Taking its inspiration from raised plantation cottages, this house incorporates a wide center hall and an outdoor gallery within an asymmetrical composition that responds to the site configuration and opportunities for sweeping views. The site is a promontory where two bayous intersect; more than half of its perimeter is formed by water. From one angle, the house faces a golf course across the bayou. In the opposite direction, the residence faces an uninterrupted vista two miles upriver.
Embracing nature in a meaningful way was the key to the site plan. Bayou DeSiard laps up to serpentine wooden boardwalks that wrap the property. Mature bald cypress trees stand knee-deep in the water, dripping Spanish moss. Like the intersecting waterways, the rooms of the house flow easily from one to the next, eliminating the need for formal hallways. Nodding to northern Louisiana plantation antecedents, the dwelling is only a single story high. The design, however, is hardly an exercise in orthodox historicism, as evidenced by its idiosyncratic architectural details and absence of shutters.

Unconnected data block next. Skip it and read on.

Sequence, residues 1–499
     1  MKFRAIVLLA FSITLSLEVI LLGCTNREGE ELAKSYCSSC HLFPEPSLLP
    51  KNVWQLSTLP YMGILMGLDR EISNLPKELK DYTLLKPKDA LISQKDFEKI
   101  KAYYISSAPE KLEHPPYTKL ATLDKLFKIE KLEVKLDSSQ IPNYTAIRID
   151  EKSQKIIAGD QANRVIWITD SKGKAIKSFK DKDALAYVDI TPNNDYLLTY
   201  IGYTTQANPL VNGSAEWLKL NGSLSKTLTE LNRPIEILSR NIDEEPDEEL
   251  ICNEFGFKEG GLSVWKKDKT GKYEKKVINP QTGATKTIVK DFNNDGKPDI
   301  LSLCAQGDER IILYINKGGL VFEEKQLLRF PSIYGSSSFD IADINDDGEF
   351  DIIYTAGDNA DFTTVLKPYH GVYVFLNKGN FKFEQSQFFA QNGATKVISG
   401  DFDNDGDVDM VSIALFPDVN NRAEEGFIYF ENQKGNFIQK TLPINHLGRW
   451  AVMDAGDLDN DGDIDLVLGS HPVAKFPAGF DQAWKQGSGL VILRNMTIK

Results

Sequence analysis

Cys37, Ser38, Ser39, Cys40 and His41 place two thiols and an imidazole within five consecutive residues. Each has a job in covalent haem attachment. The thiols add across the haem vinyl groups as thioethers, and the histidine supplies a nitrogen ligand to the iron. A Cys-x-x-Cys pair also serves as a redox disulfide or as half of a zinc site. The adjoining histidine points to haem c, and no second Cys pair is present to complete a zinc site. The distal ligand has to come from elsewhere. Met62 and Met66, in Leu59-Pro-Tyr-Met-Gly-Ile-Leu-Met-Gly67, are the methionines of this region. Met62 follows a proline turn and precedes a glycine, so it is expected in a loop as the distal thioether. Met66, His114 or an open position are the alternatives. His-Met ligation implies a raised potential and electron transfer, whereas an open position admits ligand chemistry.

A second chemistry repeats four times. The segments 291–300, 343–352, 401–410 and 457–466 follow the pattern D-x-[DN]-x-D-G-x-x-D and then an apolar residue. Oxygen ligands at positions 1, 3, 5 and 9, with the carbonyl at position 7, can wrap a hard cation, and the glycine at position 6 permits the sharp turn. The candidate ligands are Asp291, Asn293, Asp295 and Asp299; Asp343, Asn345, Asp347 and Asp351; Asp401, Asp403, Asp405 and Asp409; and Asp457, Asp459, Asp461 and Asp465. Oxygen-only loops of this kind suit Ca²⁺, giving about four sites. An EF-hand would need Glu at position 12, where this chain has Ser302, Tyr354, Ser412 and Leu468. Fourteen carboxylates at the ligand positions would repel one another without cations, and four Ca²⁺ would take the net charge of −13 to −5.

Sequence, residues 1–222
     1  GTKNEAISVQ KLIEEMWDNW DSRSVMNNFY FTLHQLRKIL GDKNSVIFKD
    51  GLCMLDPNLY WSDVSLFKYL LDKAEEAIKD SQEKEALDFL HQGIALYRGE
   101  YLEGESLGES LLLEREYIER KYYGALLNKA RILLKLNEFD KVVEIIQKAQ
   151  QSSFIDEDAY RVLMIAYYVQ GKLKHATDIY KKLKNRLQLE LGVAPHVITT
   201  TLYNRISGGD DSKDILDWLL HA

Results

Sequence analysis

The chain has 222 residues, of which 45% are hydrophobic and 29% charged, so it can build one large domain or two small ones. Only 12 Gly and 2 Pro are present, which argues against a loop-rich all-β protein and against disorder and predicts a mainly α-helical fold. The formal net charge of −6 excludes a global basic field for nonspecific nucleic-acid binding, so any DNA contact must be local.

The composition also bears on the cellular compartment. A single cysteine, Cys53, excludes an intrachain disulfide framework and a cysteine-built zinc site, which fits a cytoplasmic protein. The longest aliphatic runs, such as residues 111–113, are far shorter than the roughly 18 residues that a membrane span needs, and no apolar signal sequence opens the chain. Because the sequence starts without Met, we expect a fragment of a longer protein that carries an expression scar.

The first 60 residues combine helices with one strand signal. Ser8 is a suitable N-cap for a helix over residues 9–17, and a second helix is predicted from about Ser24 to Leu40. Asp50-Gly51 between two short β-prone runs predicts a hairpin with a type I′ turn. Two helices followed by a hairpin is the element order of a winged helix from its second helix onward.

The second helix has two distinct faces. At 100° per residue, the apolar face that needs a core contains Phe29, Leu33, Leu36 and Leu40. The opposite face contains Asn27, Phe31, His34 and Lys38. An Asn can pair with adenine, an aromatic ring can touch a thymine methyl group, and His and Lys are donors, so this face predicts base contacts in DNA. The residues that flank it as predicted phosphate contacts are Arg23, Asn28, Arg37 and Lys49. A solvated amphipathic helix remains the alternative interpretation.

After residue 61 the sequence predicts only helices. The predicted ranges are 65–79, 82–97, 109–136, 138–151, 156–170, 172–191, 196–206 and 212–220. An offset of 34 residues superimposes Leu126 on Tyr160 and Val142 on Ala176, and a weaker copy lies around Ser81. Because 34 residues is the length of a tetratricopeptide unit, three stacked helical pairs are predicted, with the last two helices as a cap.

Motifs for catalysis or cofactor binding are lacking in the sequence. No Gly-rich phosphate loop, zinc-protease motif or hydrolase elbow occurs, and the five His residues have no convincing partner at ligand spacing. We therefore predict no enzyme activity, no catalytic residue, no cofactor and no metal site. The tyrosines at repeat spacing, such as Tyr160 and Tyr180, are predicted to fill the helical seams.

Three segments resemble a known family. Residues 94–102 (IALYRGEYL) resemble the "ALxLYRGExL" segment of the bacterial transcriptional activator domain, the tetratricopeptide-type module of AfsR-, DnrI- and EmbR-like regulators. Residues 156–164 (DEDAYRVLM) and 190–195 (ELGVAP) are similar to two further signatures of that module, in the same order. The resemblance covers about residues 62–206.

A formal columned portico stands at the center of a broad gable at the front of the house. At the clientâ€™s request, the brick facade is painted in pale yellowâ€”specifically, a shade replicated from the historic Beauregard-Keyes House in New Orleans. Inside, an imposing entry hall culminates in a barrel-vaulted living room with a 22-foot-high ceiling. Looking out to the bayou, a covered porch at the rear of the house, visible through French doors and transoms, provides an eminently gracious gathering place for the family.
The interiors combine bespoke upholstered furniture with a mix of pedigreed antiques. The walls and rugs are mostly beiges and blues. Custom-designed chandeliers temper the scale of the living room, where subtly colored silk window treatments and textured linen fabrics echo the gentle palette of a Chinese needlepoint carpet.